No fence

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Some context. In less than a week, I’ve seen three major awards-season movies with significant African-American roots: Ava DuVernay’s stunning documentary The 13th (nominated for Best Documentary); the adapted Pulitzer Prize-winning stage play and Denzel Washington vehicle Fences (nominated for Best Picture, Actor, Supporting Actress and Adapted Screenplay); and Moonlight (nominated for Best Picture, Director, Supporting Actor, Supporting Actress, Adapted Screenplay, Editing, Score and Cinematography). By further coincidence, I also saw episode two of the History Channel’s 2016 remake of Roots, showing here for unfathomable reasons on BBC Four, and different from the 1977 original mainly in the more visceral depiction of its violence, which is a sign of the times.

But it’s Moonlight I want to talk about, as I believe it’s as close to a perfect film I’ve seen this year, and I think it’s going to be hard to beat. It’s behind a paywall but I’ve picked up via social media that Moonlight was trashed for effect by the just-passing-through film critic Camilla Long in the Sunday Times Culture section. The gist of her pasting seems to be that its story of a young black male coming of age in Miami has been made to appease a straight, white, guilt-ridden, middle-class audience. This is bullshit, and I speak as a straight, white, guilt-ridden, middle-class man. This charge devalues the fact that it is adapted from an unpublished stage play about a specific black experience by a black writer, Tarell Alvin McCraney, and directed by a black director, Barry Jenkins, and yet it is a film so universal it will appeal to any demographic. (She disparages the central character for lacking any defining characteristics beyond “sad” and “gay”. That we’re talking about a low-budget indie film whose central characteristics are being “sad” and “gay” but which has broken through to the mainstream feels like a massive breakthrough.)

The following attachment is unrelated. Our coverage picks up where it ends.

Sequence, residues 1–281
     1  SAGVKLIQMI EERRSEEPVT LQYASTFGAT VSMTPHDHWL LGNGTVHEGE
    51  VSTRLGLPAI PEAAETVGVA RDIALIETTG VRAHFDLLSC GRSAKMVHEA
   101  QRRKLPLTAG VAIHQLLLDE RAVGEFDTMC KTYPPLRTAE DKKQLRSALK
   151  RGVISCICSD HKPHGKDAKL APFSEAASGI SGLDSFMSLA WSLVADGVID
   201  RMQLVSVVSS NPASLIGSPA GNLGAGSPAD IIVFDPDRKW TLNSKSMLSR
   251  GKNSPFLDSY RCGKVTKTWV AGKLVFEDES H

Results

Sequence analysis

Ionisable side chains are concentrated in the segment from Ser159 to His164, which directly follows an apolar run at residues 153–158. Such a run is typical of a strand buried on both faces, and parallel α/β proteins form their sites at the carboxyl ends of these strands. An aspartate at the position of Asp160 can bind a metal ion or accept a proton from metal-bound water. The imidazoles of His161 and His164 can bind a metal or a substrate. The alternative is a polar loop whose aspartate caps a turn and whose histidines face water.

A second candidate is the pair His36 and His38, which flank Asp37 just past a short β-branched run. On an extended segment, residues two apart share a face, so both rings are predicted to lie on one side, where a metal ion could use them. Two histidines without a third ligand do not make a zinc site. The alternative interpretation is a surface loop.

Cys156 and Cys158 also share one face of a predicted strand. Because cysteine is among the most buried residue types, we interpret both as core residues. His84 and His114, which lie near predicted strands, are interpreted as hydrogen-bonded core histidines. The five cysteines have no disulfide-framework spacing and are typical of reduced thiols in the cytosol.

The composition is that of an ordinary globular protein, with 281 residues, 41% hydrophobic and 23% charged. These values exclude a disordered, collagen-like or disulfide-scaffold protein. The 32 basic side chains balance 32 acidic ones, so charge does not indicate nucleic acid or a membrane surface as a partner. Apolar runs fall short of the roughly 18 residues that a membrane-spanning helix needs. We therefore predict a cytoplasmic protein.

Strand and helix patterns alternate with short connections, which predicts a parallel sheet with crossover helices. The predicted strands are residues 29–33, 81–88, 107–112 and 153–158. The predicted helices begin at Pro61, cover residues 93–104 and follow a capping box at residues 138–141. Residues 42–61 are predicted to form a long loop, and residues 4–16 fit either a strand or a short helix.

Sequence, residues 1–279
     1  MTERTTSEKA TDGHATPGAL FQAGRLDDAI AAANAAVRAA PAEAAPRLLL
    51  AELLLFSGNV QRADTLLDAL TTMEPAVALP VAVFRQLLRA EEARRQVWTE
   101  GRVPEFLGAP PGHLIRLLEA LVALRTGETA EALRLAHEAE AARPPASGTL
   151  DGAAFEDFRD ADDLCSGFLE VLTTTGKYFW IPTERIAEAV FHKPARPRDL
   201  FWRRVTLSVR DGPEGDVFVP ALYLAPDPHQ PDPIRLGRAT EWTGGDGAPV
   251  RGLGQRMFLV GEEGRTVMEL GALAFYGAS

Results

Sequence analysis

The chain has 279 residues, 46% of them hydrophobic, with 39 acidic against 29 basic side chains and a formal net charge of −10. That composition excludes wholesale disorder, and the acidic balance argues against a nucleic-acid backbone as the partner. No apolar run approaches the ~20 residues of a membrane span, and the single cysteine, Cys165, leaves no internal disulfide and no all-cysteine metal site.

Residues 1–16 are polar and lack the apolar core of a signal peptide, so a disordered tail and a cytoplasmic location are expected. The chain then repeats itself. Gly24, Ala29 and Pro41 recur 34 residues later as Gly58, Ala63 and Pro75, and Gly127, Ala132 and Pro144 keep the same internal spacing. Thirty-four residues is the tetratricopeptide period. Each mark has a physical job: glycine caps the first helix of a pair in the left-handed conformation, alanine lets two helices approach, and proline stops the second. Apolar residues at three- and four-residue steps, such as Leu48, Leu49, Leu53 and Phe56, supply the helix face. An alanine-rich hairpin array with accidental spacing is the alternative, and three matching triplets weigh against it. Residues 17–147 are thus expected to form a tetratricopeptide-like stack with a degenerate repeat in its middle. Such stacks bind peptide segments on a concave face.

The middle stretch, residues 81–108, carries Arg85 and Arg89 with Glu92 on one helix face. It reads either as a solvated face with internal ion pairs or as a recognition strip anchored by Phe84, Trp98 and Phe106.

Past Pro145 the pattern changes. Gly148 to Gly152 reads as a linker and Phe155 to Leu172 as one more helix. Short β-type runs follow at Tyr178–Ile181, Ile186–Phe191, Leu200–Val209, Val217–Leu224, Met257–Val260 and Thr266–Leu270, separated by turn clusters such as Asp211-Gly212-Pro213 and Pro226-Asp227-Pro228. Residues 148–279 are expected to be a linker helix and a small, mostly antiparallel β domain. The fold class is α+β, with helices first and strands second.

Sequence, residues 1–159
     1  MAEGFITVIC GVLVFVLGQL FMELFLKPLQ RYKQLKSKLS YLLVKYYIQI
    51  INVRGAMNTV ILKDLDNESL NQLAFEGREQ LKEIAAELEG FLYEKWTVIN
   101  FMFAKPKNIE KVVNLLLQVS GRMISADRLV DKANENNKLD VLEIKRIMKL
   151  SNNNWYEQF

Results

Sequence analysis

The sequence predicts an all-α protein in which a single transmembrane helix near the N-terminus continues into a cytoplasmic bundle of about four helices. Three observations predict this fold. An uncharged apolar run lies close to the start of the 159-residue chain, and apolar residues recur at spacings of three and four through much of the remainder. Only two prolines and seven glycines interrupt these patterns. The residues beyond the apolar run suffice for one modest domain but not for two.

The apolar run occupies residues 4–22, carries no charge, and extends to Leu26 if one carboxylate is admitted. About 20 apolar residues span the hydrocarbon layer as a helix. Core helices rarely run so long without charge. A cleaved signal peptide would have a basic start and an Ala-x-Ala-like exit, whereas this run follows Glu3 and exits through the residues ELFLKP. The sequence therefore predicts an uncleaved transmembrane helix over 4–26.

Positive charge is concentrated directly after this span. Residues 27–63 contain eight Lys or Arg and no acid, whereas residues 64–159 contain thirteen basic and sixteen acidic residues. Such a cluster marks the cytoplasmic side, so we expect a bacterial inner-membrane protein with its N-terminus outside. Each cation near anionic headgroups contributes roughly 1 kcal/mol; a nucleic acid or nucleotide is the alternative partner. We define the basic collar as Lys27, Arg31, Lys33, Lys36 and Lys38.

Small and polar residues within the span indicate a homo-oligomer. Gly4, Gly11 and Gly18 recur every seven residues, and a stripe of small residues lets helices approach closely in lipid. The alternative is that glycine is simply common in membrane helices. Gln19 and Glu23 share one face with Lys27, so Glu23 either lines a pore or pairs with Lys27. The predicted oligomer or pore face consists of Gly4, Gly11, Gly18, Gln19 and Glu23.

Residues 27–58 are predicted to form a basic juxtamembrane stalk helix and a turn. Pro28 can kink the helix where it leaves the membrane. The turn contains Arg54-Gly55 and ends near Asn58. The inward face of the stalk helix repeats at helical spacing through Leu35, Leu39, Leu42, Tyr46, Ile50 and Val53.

Long’s misrepresentation also subtracts from the fact that the film’s cast is almost 100% black, a straightforward reflection of the milieu in which it’s set, and thereby not an “issue”. (No need for handy white racists to prop up the story of black kids dealing with prejudice that comes in many colours. Sadistic, whip-wielding, white plantation owners are not required on this particular voyage.) Moonlight is not a film about the African-American experience through which we are led by the colonial hand of a white interpreter. Nor is it a film that wrings its hands about the statistical odds stacked against a child born black in 21st century America. That Chiron, our protagonist, is born to a single parent who is herself an addict who turns tricks to feed her habit, and has to fend for himself on the streets and at school, is not the defining narrative. For Moonlight is a love story. It is also a “gay” love story.